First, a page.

Reflection puts constraints on an agent’s current beliefs based on her possible future beliefs. For example, suppose that we want to know what an agent’s degree of belief that the die came up 1 should be. (Intuitively we think 1/6, but let us follow through this example to illustrate reflection, which can help us in more challenging cases). Suppose that her degree of belief in the die coming up 1 conditional on the even event is 0—that is, if she observes the even event then her new degree of belief in 1 will be 0 (since 1 is not even)—and her degree of belief in the die coming up 1 conditional on the odd event is 1/3. Furthermore, suppose that she assigns a credence of 0.5 to the roll being odd and a credence of 0.5 to the roll being even.

Reflection says that an agent’s current degree of belief in a proposition should be equal to the agent’s expectation of her future degree of belief. I illustrate this with the above case. If the agent learns that the roll was odd, then he probability in the proposition “the roll came up 1” is 1/3. If the agent learns that the roll was even, then he probability in the proposition “the roll came up 1” is 0. She assigns each of these cases probability 0.5. Thus, before she learns whether it was odd or even, her expectation of her future degree of belief is $0.5\cdot 1/3 + 0.5\cdot 0 = 1/6$. Reflection says that her current degree of belief should equal one sixth. This is a kind of conservation of expected evidence principle.

This connection to rationality can help us to see why conglomerability is interesting. Consider a probability function, an event space, and an event. The conditional probabilities are conglomerable with respect to a partition of size $I$ if for each two real constants $k_{1}$ and $k_{2}$, if the conditional probability of the event $E$ given an element of the partition is between the two constants, then this implies that the prior probability $P(E)$ is also between these two constants.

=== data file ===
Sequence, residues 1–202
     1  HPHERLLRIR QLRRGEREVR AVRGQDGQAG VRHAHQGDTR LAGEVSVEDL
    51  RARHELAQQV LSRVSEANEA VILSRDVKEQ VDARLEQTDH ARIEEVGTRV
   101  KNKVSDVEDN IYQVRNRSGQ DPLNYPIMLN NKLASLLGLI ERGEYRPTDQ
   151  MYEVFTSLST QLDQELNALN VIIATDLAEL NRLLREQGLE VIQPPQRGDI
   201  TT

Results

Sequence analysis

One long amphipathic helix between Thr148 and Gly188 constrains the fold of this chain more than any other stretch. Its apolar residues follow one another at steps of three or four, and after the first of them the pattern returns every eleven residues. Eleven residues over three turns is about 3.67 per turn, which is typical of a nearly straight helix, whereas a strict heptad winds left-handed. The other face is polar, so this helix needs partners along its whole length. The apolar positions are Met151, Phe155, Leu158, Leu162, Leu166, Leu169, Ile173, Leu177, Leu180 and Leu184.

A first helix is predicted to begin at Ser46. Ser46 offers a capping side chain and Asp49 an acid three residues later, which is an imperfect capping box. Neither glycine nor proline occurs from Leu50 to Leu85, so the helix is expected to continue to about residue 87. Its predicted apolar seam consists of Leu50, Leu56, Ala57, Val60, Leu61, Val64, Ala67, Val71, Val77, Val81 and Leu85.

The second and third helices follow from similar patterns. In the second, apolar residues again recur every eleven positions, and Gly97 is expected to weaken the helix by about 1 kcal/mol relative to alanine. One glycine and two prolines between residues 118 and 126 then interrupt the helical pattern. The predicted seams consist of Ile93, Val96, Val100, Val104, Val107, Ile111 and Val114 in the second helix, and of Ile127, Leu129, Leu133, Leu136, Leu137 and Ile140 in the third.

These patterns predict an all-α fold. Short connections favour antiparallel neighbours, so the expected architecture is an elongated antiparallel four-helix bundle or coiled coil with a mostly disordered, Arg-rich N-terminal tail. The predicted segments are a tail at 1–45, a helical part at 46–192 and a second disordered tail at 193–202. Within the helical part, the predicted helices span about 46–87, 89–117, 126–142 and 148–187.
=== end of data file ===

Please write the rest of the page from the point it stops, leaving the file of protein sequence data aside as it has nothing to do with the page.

The authors give a nice summary of how this is interesting from an epistemic perspective:

Conglomerability is an intuitively plausible property that probabilities might be required to have. Suppose that one thinks of the conditional probability $P(E|h_{i})$ as representing one’s degree of belief in $E$ if one learns that $h_{i}$ is true. Then $P(E|h_{i}) \leq k_{2}$ for all i in $I$ means that one believes that, no matter which $h_{i}$ observe, one will have degree of belief in $E$ at most $k_{2}$. That is, if one know for sure that one is going to believe that the probability of $E$ is at most $k_{2}$ after observing which $h_{i}$ is true, then one should be entitled to believe that the probability of $E$ is at most $k_{2}$ now.

(p. 285)

Thus we see how we can capture an epistemic condition in a formal definition. Ideally we want our probability functions to be conglomerable.

IV

We can now state the main result of the paper, more or less. The main result is that

Subject to several structural assumptions…the cardinality $\lambda$ of a partition where [the probability function] $P$ is nonconglomerable is bounded above by the (least) cardinal for which $P$ is not $\kappa$-additive…

(p. 289)

In other words, there will be a partition, of size at most $\kappa$ where our probability function is not $\kappa$-additive, for which conglomerability fails.

So what is the story here? We have an epistemic principle, something like a conservation of evidence principle, that we want our probability functions to satisfy. However, we have a mathematical result that says that this is impossible for certain large cardinalities in certain contexts. Thus, we have a case in which we clearly see highly technical work filter back up into our epistemology. Even though in some sense it is desirable that our beliefs should satisfy this property, it may in fact be impossible. We should not require rational agents to do the impossible.

Mathematical results can limit and inform our philosophy. We need to pay attention to them.